The government is encouraging restaurants to provide food provenance labelling on their menus.

The government is encouraging restaurants to provide food provenance labelling on their menus.

Calls are being made by the government for the food featured on menus to be labelled with its country of origin, but what are the benefits and drawbacks of this for the hospitality industry?

In a letter to the British Hospitality Association, the Department for Environment, Food and Rural Affairs asked for more to be done on the matter. It comes after a voluntary code of practice put in place by the department in 2010 has been all but ignored by the industry.

The move is one which is likely to be popular with customers as a greater awareness of their role in terms of influencing ethics and sustainability is spreading. In recent years fair trade products and materials that don't damage the planet have become increasingly popular and sustainability is the new buzz word.

The restaurant industry is not exempt from this and despite the UK's sometimes exotic tastes there has been a push back towards British produce. This has come partly due to the environmental concerns associated with excessive food miles, but also because the UK economy is in need of as much help as possible.

With both of these considerations in mind it makes sense for as many ingredients to be sourced locally as possible. Customers can vote with their feet and the extra knowledge, which can often be seen on foods bought in supermarkets, such as British strawberries has become popular.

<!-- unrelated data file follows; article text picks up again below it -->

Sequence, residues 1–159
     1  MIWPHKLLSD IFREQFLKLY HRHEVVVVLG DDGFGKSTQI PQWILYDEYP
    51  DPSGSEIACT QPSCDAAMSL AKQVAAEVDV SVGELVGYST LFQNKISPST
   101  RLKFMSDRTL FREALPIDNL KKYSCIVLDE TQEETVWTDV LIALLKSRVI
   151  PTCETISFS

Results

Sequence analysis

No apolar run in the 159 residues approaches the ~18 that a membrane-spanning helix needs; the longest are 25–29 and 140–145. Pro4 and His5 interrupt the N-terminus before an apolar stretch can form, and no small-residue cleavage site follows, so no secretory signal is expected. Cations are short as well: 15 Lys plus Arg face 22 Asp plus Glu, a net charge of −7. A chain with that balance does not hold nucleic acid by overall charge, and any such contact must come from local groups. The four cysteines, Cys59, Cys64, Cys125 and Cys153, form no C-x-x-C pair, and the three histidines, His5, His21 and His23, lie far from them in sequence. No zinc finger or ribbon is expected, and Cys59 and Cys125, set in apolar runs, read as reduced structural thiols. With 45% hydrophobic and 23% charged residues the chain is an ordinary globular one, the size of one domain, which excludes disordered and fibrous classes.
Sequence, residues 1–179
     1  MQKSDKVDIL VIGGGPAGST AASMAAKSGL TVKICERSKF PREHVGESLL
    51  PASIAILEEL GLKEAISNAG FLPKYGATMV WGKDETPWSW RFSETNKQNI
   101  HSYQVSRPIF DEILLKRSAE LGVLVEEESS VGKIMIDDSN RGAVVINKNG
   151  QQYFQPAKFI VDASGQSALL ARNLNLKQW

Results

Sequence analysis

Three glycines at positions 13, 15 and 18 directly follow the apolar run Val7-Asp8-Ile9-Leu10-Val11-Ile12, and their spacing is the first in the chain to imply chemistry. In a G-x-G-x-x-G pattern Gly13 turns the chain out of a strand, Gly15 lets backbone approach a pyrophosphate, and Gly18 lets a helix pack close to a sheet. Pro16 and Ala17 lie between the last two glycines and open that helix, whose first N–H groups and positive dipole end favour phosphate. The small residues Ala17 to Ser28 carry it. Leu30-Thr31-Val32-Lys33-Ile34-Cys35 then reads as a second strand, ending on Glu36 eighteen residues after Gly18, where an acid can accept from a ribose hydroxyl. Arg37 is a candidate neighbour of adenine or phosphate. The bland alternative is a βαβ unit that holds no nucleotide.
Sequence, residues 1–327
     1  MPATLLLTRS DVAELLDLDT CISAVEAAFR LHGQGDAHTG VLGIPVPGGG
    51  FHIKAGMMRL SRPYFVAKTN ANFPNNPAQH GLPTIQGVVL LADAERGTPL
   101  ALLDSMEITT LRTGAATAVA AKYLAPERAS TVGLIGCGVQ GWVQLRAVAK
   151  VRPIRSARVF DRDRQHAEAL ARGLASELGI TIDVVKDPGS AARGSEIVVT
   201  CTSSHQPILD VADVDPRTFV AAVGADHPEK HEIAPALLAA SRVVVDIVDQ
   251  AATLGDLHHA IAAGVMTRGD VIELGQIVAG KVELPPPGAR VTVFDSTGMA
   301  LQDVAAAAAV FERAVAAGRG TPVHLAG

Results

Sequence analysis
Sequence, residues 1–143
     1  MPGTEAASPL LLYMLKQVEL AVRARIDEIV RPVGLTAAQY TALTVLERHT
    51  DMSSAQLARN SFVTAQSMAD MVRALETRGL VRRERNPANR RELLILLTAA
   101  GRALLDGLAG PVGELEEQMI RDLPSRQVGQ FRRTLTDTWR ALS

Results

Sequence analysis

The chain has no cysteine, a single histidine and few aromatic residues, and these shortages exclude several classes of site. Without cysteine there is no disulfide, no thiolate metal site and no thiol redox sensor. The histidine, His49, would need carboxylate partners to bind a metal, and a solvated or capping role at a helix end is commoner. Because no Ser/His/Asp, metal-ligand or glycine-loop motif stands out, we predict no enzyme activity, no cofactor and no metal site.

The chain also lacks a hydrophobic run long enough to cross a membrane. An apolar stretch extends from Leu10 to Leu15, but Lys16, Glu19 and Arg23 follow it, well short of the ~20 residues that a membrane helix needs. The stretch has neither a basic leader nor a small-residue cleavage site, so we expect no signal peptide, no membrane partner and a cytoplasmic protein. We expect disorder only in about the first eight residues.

If this is the way in which the trend is going then it can make good business sense for restaurants to get ahead of the game and bring it in early. Measures implemented by the government may be widespread, but the restaurants which bring in popular practices such as provenance labelling ahead of the crowd will be remembered for it.

Jim Paice, the food and farming minister, said: "More than ever, people want to know where their food comes from, so it's disappointing to see little improvement in the number of food products showing this information." But as is the case with most of these things it is not just the will to make a change, but the practical implications that can come along with it. With all the will in the world to buy British there will still be circumstances when the supply chain breaks down and an alternative must be found at the last minute. This presents problems where food provenance labelling is concerned as menus have to be changed at the last minute.

John Dyson, technical affairs advisor at the British Hospitality Association, said: "Restaurants with standard printed menus will have great difficulty in allowing for such sudden changes."

Choice is what customers want more and more and it is becoming a more complicated issue as it takes not just flavour into account, but a myriad of other aspects as well. Health concerns with calorie and salt labelling, ethical elements and the economy, as well as the cost to British diners all have an impact. But by supplying customers with more information about a product they can make a better decision as they have all the facts to hand.

Food provenance labelling is a big undertaking, but it may be one that becomes widespread in the future, because there is a demand for it.
Back to Blog